Let it be known that this is not the best time to go visit this museum! They are in the process of doing serious renovations on both the outside and inside of pretty much all of the museums on Museum Island, but mainly the Pergamon (they will not be completely finished until 2025/26! You can read more specifics on the renovations HERE. ). They have an alternate entrance at the moment and the Pergamon Altar is completely closed. But we went anyway for a little bit to see the Ishtar Gate and the Market Gate of Miletus, both very impressive and worth the trip. My oldest son loved the museum and wanted to listen to every entry on the headset. But with the toddler in tow, that just wasn’t a possibility. He did like the headset, though. He pretended it was a camera and “took pictures” of various things and tourists the entire time.
The Ishtar Gate is a fully reconstructed gate from Babylon. It was originally constructed by order of King Nebuchadnezzar II in 575 BC and served as one of the eight inner city gates to the city of Babylon. It was dedicated to the Babylonian goddess Ishtar and covered in lapis lazuli. Leading up to the gate ran the Processional Way, which was lined with walls depicting over 100 lions, bulls, dragons and flowers. The gate itself depicted the gods and goddesses Ishtar, Adad and Marduk. Archaelogists excavated all of the pieces and then they were reassembled meticulously to recreate how it would’ve looked in its prime. It stands 46 feet tall. Other pieces of the Processional Way are found in museums all over the world such as the Louvre and the Metropolitan Museum of Art.
Model showing how the gate once looked:
The Market Gate of Miletus was also beautiful to see. Miletus was an ancient Greek city in what is now the west coast of Turkey. St. Paul actually stopped there on his third missionary journey, and it was even mentioned in Homer’s The Iliad. However, the Market Gate was not built until the 2nd century A.D., and it was destroyed in an earthquake in the 10th or 11th century. In the early 1900s it was rebuilt and put on display at the museum. It was damaged during WWII and underwent restoration in the 1950s. Not all of it is original, as little of the floor and base survived.
From the Pergamon we walked over to an art market that was happening and bought a few souvenirs. We always try to find art wherever we go, and these photo collages by Tim Roeloffs are rad. He’s actually from Ohio but has lived in Berlin for eleven years. Super nice and talented guy. You can find more of his work HERE.
We crossed the beautiful (yet heavily constructed at the moment) Palace Bridge to the other end of Museum Island (yes, Berlin has a little island with five museums on it!).
Berlin Cathedral and Lustgarten
At the end of the bridge is the Lustgarten (Pleasure Garden), which sits in front of the Altes Museum and the Berlin Cathedral, the most beautiful building in Berlin, in my opinion. Lustgarten is made up of large grassy areas where both visitors and locals sat to relax and enjoy the sun. The Berlin Cathedral is something to behold. It is massive and absolutely stunning.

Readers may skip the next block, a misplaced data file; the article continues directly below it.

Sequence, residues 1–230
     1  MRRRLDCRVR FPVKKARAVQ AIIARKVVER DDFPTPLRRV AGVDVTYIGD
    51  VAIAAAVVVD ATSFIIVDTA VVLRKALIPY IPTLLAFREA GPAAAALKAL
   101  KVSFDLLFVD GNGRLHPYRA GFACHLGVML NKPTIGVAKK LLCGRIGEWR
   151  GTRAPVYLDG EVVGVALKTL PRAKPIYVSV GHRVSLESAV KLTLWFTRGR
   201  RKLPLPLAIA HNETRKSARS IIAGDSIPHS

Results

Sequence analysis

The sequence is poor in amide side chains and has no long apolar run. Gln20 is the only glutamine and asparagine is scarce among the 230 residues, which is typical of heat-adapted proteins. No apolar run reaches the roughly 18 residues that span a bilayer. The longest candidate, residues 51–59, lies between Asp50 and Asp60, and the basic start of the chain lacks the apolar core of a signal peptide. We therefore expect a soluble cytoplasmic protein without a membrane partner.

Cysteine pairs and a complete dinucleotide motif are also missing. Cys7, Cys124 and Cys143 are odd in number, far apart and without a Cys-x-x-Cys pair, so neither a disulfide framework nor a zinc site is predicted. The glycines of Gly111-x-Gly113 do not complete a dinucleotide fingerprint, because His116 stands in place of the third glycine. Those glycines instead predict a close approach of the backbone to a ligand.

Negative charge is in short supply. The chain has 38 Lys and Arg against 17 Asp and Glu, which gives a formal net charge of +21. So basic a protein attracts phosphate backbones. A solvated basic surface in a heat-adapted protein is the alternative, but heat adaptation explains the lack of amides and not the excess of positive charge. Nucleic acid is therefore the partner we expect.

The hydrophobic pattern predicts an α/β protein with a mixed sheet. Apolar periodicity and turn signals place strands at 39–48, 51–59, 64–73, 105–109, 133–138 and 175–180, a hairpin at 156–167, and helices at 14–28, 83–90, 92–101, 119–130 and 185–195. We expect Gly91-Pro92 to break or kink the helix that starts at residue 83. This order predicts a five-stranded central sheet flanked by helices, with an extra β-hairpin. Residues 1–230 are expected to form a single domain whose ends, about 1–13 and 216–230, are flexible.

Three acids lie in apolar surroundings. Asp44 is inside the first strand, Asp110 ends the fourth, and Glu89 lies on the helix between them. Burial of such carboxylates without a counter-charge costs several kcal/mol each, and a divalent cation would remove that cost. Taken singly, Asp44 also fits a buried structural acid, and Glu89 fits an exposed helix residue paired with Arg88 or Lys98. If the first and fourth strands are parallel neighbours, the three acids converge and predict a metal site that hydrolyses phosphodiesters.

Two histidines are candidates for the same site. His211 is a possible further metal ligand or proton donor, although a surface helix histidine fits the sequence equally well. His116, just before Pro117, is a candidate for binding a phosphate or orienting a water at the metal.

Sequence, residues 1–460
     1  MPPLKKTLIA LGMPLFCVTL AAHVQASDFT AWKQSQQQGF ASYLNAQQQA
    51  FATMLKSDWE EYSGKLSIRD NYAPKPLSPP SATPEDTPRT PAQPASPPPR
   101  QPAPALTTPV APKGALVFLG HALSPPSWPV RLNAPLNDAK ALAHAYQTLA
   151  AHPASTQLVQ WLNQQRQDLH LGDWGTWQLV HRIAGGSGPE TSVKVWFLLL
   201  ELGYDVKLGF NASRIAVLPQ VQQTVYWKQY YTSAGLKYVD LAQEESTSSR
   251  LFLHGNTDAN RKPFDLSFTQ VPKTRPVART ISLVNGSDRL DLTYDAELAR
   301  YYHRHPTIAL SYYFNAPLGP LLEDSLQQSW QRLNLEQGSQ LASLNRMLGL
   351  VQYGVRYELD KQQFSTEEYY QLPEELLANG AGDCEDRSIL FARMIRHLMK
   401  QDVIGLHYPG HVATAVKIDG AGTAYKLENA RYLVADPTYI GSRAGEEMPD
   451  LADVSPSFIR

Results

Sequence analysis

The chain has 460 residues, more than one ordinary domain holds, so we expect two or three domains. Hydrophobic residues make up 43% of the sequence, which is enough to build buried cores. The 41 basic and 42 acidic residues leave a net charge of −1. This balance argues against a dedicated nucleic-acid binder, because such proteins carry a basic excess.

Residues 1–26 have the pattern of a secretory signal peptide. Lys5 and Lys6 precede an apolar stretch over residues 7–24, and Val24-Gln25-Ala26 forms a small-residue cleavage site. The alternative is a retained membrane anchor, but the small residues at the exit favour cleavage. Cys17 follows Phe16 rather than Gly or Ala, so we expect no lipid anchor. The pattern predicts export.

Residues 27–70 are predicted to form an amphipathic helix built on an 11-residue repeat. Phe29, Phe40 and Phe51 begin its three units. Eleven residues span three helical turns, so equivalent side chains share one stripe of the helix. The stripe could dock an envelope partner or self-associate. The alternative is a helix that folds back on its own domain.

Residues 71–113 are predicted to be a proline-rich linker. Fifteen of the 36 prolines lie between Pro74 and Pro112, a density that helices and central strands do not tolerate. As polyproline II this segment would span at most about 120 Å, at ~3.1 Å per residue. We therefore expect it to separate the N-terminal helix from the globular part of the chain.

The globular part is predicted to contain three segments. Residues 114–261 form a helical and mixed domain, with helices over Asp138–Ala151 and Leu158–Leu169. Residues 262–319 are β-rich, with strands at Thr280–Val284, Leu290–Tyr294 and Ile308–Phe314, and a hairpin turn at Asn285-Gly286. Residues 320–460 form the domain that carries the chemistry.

This area also provided great views of the Berlin TV Tower (Fernsehturm Berlin). This tower was built in the 1960s and is the tallest in Germany and 2nd tallest in the EU. If we had had more time I would’ve definitely tried to go up to get some great views of the city.
We decided to take the train over to a food market to eat lunch. If there is a food market, our family will find it, and this one was awesome. Markethalle Neun is quite the popular place, and just walking in it was evident why. The market is all inside, which was a must since it was somewhat rainy the days we were visiting. They have every kind of food and drink you can think of plus a Kik AND a Lidl inside. They even have a small play area for kids! I would eat here every day if I could. We ordered some ribs and pulled pork, which was superb. Little man fell off the bench we were sitting on and split his lip, but he was okay. I swear this kid can’t go anywhere without getting hurt.
Of course, Berlin is known for its graffiti. It’s everywhere, from the spires of cathedrals to the sides of monuments. Some of it’s ugly, some pretty cool. It’s just one of those things that makes Berlin Berlin.
The East Side Gallery
We walked over the River Spree along the impressive double-decker Oberbaum Bridge, which links two areas that were once divided by the Berlin Wall.
You can see the East Gallery wall in the background:
Across the bridge is the longest piece of the Berlin Wall that is still standing (1.3 kilometers long). The murals painted on this side were all done in 1990 by artists from all over the world. However, most of them suffered from erosion, vandalism and graffiti, so a restoration project began in 2009 to repaint the commissioned pieces. Today most of the wall is surrounded by a fence and is to be until sometime this summer until other murals are restored again.
“Vaterland” mural by German artist Günther Schäfer
And these words were spraypainted on steps leading down to the water from the wall. Apparently the Oracula Project is found all over the world. I thought that was pretty cool.
After seeing the wall we were completely exhausted, so we headed back to the hotel for the night. I would’ve loved to have done a river cruise or taken the boys to the DDR Museum, but my toddler was D-O-N-E and everyone was just ready to rest. I am happy with what we saw, but I would love to go back someday to see more. I am so glad we finally got to see this incredible city!